Cryptocurrency facilitates crime: Bitcoin is a pretty terrible tool to commit crimes as all transactions and accounts are publicly viewable and auditable for all time on its blockchain. Even privacy-focused transactions on protocols like Monero have been traced & prosecuted by the FBI in notable cases. As other law enforcement agencies adopt and institutionalize procedures around crypto, it’ll become very difficult to avoid prosecution for illicit activity. It’s actually kinda surprising crypto has so much support from libertarians because it provides so little anonymity that the authoritarian governments such as China have created state-backed cryptocurrencies to better keep tabs on citizens.

    Cryptocurrency is a bad product: Cryptocurrency is very much an infant technology, like the internet before html. The roots are just getting established and while it’s hard to say if any particular cryptocurrency will reign supreme, first mover advantage and network effects indicate bitcoin and a few other major chains are pretty good bets for growing adoption.

    Cryptocurrency is a pyramid scheme: There certainly is a lot of hype and pyramid scheme shenanigans in crypto. Bitcoin in particular is becoming a lot like the diamond industry with a few individuals and institutions accumulating the mines and inventories making those entities obscenely wealthy by just controlling a surprisingly common piece of rock. I personally am more interested in other more useful crypto projects but can’t deny the game theory aspects of bitcoin will most likely cause further appreciation in value.

    Market diversification is making cryptocurrency worse, not better: Crypto is experiencing something of a dotcom bubble where most cryptos will/have lost all value and only a few Google/Amazon types will survive. It is possible to identify what traits might make a cryptocurrency worth owning though. Things like adoption/network size, number of developers, venture capital, transaction capacities and smart contract capabilities are important traits of leading cryptos.

    Regulation is coming for cryptocurrency: A majority in the space welcome regulation. It will massively drive legitimacy and adoption once clear rules on how to interact with crypto exist.

    You aren’t investing in cryptocurrency—you’re speculating: Buying any asset without understanding it is speculating. Throwing $ at random cryptos is as much a recipe for financial ruin as chasing hyped penny stocks. Doesn’t mean there aren’t massive Google type opportunities in this space. And for those who don’t want to research, even owning a total market index fund provides some exposure as there are already several publicly traded companies involved in cryptocurrencies.

  4. The Michelle is Money Hungry blog had an interesting point on how some are useful for low income areas / area without banks since you can do it all via phone. But unfortunately as you point out, the bad actors / scams make it hard to tell the difference & pee in the pool for all cryptos.

    Related: Line Goes Up
    (Although I must admit I relied on my husband for the TL;DR highlights.)

    1. Black investors have REALLY jumped on crypto and NFTs relative to other investment vehicles! 23% of African Americans own crypto. That statistic bowled me over.

      It’s exciting to me as a signal that this community is gaining more access to—and democratizing disbursement of—investing advice. But I am so worried. I don’t want the poorest people left holding the bag. But if the bottom fell out of crypto today, it seems that’s what would indeed happen… I will definitely read Michelle’s take!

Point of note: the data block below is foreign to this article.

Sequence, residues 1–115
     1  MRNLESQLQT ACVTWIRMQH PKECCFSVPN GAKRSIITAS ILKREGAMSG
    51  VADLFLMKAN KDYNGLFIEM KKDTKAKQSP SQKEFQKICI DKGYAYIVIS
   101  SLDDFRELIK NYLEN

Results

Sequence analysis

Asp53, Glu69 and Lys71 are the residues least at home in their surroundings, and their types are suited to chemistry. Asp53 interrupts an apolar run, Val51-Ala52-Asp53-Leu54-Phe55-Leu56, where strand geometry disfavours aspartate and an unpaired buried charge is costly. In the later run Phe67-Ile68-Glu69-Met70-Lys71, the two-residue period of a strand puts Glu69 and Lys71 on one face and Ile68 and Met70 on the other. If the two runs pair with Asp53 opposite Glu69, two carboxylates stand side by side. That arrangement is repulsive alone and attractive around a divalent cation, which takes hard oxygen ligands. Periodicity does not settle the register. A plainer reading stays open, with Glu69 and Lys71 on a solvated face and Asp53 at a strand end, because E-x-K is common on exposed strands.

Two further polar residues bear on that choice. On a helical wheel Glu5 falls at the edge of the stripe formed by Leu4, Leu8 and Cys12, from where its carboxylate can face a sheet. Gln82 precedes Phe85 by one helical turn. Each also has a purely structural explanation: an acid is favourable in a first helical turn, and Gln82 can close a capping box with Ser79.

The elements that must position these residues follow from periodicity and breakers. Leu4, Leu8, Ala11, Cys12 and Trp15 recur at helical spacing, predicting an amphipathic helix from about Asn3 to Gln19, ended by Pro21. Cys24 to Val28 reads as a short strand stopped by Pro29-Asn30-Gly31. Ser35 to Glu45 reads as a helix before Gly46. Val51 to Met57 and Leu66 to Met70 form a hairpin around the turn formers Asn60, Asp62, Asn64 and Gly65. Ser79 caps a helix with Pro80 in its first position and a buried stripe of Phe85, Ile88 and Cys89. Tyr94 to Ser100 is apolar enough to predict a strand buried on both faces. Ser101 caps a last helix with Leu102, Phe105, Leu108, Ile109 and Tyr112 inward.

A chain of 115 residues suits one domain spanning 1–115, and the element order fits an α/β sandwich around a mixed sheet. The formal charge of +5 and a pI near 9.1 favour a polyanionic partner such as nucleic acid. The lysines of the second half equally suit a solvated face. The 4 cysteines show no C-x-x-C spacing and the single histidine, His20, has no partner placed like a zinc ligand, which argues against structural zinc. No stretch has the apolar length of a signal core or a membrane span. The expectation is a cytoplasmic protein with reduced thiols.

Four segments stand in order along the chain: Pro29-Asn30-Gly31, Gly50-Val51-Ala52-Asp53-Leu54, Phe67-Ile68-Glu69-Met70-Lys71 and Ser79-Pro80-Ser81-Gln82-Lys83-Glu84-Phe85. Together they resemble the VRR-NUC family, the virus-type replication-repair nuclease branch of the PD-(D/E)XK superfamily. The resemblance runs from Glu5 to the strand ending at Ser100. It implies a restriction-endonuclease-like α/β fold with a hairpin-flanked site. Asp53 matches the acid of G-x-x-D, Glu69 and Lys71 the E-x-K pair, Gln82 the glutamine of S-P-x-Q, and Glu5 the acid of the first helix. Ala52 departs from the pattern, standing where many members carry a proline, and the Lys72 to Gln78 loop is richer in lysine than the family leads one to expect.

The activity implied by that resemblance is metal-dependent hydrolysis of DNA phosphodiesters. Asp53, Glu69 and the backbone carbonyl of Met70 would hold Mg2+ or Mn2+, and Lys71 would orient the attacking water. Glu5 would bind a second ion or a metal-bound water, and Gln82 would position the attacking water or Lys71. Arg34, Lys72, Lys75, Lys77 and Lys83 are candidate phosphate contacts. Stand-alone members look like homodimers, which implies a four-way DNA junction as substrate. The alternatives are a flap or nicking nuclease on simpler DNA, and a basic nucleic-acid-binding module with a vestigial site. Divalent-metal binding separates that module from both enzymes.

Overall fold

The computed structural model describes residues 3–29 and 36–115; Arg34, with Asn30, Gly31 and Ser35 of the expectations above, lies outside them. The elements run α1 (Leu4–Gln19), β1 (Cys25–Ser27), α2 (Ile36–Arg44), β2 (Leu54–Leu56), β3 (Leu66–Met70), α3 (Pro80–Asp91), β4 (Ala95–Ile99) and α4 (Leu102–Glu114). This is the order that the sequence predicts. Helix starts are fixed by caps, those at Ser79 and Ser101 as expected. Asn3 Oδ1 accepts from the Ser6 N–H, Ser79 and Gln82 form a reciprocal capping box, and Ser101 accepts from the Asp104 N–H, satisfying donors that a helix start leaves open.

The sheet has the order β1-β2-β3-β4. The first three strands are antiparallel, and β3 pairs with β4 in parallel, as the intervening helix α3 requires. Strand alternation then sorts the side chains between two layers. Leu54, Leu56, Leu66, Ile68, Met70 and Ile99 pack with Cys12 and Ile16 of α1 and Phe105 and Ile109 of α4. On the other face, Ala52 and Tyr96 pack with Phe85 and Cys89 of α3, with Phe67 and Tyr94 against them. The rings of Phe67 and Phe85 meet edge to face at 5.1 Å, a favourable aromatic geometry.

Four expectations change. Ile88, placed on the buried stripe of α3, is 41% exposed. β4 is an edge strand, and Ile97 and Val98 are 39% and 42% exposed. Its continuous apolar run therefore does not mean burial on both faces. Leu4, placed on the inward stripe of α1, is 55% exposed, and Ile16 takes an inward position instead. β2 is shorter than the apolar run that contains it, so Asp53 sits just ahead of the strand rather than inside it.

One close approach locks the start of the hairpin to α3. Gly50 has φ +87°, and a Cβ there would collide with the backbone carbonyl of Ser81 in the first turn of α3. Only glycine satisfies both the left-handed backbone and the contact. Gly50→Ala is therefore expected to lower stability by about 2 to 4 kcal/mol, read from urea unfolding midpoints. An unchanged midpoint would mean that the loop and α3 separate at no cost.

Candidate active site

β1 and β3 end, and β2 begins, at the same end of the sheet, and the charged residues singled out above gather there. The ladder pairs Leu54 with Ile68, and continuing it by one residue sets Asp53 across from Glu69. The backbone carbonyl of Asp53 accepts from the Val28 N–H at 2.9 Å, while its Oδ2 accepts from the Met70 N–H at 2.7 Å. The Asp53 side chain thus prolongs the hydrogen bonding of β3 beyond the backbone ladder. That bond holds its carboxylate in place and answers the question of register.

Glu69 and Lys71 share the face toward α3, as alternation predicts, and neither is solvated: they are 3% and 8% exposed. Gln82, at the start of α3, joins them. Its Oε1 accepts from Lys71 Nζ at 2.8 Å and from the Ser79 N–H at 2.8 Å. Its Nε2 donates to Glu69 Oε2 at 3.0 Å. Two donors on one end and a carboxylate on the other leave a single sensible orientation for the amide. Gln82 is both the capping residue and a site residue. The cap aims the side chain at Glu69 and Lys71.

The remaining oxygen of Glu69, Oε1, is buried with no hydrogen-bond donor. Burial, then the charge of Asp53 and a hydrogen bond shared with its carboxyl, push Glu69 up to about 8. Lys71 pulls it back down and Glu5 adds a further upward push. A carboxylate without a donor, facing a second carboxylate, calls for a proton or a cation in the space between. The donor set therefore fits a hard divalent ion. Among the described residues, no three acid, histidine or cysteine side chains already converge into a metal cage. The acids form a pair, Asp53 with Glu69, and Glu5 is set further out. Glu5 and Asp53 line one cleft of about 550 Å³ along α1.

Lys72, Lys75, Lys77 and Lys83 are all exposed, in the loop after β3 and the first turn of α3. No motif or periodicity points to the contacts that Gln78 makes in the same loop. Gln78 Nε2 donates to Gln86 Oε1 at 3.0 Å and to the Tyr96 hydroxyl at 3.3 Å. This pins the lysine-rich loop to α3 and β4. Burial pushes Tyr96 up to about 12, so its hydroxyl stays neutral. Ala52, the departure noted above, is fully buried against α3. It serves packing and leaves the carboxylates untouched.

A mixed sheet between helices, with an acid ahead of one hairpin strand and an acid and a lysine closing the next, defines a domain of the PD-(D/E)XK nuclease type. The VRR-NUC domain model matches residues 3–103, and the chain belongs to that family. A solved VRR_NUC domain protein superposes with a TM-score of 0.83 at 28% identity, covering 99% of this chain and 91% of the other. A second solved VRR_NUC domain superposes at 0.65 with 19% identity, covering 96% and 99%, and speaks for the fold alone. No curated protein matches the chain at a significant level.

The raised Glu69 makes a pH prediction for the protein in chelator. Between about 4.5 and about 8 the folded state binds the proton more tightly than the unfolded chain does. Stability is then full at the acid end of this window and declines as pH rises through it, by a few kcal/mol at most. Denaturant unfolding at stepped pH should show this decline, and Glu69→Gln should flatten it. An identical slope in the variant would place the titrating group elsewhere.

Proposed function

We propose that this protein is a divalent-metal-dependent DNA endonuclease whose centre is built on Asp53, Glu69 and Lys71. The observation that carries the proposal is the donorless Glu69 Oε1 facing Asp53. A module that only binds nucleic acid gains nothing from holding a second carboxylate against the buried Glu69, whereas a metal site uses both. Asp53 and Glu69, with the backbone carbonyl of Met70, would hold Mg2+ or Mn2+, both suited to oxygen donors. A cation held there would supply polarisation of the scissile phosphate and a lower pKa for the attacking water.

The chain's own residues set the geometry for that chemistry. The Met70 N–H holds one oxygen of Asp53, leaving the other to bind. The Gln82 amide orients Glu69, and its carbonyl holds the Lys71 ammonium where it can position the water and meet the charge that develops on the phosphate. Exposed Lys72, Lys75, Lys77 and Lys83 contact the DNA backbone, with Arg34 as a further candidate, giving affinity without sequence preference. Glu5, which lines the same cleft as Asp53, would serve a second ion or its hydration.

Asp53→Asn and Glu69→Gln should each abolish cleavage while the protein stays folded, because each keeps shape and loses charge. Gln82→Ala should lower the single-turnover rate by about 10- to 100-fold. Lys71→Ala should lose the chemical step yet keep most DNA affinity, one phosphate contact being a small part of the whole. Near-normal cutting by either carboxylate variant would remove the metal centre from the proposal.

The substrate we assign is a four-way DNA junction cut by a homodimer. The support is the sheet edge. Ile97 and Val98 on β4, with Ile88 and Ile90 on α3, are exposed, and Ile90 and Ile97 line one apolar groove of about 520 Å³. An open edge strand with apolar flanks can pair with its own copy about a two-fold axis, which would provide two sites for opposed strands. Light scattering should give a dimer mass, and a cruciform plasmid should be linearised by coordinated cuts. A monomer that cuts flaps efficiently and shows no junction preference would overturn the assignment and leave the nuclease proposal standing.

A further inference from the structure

5. I don’t have all the moral qualms about it but I don’t make speculative investments. Why play the asymmetric risk game if you’ve already won your financial independence? I also don’t play the lottery because its speculative and a negative sum game. It has a lot of moral baggage too, taking poor people’s money and then giving it to me in the form of scholarships for my kids, when I’m way past needing that help.

  6. So glad someone else in the comments mentioned Dan Olson’s Line Goes Up video essay – the single best piece of content on crypto and NFTs in the whole Internet, period. I also recommend Dan’s follow up interview on The Financial Confessions.
    I also would love to add to the conversation this article from the (sadly-defunct) The Correspondent

  7. I used to be pretty skeptical of crypto. Now I’m much more in favor of it. I personally own some. So far made a 50% return. I do think that crypto will eventually be the future. Just not in the form that it’s currently at. And a lot of those issues with it, which you have discussed, would end up getting addressed.

    1. It’s not about U Katy! It’s about the 90%+ people that lose money in crypto. If ur the less than 10% whos lucky enough to make money in crypto. Lucky for u.

  8. I’m starting to see blockchains used with non-cryptocurrency. Do those tend to have the same environmental impact when they aren’t being used for creating more crypto?

  9. In the cryptocurrency space, every four years witnesses a halving event in the supply rate, contributing to the increasing scarcity of assets like BTC over time. This periodic reduction in supply is not exclusive to BTC; various alt coins also adhere to a diminishing supply schedule. The scarcity of BTC, emphasized by its capped quantity, persists, even accounting for lost coins, further reinforcing its value.The value of my ETH,BTC has been sliding forward ,the trading company I work with ,(message via Cryptobinaryexpert@hotmail.Com ) is regularly taking profits, implementing stop-loss limit orders, re-balancing your crypto holdings, and ensuring a diversified investment portfolio for their clients ,making it impossible for any losses to be above 2%.Their style of handling the activities has inherent security feature which acts as a robust defense against fraudulent activities, a sense of trust among its users.

  10. Thanks for sharing. Investing in cryptocurrency can be viewed as a risky endeavor, but it’s also important to recognize its potential as a groundbreaking innovation in the financial world.